The experience of the last six years shows that the relationship between economic depression and extreme politics is not automatic. A more complex causal explanation is needed for the rise of far-left and far-right parties in the 1930s. A key difference between the 1930s and now is the existence of the Soviet Union and the credibility of communism. The far-left politics of 1930s were encouraged by the perception of Soviet economic growth and the widespread belief in an alternative to the Depression. In Germany, the KPD was particularly popular among the unemployed. Meanwhile, it was the threat of communism that drove the popularity of far-right political parties. Many people saw the far-right parties as authoritarian anti-communists who were best able to prevent revolution. Currently, there is no credible threat of communist revolution and limited far right support. Unemployment encouraged far-right politics to the extent that unemployed people were perceived as potentially overturning the entire political spectrum. Without that threat, unemployment may not affect the voting habits of employed and retired people. The Soviet Union is only one difference between 1930s and 2010s politics, but reminds us that there is not a simple connection between economic downturn and political change.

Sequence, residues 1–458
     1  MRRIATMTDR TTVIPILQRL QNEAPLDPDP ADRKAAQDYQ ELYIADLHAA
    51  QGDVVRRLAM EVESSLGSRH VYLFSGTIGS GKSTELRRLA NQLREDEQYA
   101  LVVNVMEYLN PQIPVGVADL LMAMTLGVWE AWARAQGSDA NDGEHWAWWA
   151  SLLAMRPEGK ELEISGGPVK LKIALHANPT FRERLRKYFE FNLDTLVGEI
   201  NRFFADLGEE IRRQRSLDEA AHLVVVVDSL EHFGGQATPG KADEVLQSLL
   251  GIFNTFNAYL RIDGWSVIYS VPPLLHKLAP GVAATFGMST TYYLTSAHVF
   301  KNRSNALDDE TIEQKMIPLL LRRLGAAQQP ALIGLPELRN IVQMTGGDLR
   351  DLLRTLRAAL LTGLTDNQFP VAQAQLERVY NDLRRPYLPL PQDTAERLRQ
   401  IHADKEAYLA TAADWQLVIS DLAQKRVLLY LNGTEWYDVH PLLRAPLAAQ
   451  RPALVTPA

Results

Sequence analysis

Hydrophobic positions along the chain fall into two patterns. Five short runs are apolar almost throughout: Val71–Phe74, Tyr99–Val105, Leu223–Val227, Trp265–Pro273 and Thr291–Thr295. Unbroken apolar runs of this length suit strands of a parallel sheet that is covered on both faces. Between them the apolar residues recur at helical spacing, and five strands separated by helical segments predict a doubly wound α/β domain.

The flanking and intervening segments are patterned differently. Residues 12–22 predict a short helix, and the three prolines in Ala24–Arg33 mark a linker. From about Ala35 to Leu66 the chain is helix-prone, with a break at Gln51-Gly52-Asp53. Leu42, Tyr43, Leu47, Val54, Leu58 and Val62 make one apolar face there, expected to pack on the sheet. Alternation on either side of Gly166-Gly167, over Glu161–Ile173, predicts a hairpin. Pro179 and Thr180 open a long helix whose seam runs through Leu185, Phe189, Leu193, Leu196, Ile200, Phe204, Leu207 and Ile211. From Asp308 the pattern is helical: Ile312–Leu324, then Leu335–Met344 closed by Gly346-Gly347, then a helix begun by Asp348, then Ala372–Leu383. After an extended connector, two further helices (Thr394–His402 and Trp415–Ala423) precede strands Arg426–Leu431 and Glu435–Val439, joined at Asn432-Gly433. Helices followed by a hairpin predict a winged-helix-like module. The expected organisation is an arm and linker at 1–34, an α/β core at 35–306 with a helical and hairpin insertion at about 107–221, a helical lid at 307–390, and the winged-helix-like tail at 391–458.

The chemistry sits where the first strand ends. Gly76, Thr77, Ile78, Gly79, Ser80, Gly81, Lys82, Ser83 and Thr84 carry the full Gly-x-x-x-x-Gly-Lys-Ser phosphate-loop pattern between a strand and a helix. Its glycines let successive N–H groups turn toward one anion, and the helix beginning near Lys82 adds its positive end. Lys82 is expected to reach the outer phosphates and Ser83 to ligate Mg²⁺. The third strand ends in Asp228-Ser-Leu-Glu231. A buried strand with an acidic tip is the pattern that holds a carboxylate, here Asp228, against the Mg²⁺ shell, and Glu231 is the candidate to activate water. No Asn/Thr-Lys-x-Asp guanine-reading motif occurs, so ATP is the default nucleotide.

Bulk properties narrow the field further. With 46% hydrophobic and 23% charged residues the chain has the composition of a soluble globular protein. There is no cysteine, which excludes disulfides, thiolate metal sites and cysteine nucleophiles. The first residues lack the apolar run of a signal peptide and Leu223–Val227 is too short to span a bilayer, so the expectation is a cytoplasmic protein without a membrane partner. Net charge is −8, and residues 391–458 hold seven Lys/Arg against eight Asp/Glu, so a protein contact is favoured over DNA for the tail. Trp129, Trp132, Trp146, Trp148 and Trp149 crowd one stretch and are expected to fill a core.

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Economic Development, Political Institutions and Geo-Politics

In the last few days, Brad Delong and Andrew Smith have both written informative posts on an interesting question. Namely, the relationship between political institutions and early modern economic development. I am hoping to start a major research project that deals with these questions, and have a few thoughts on their posts.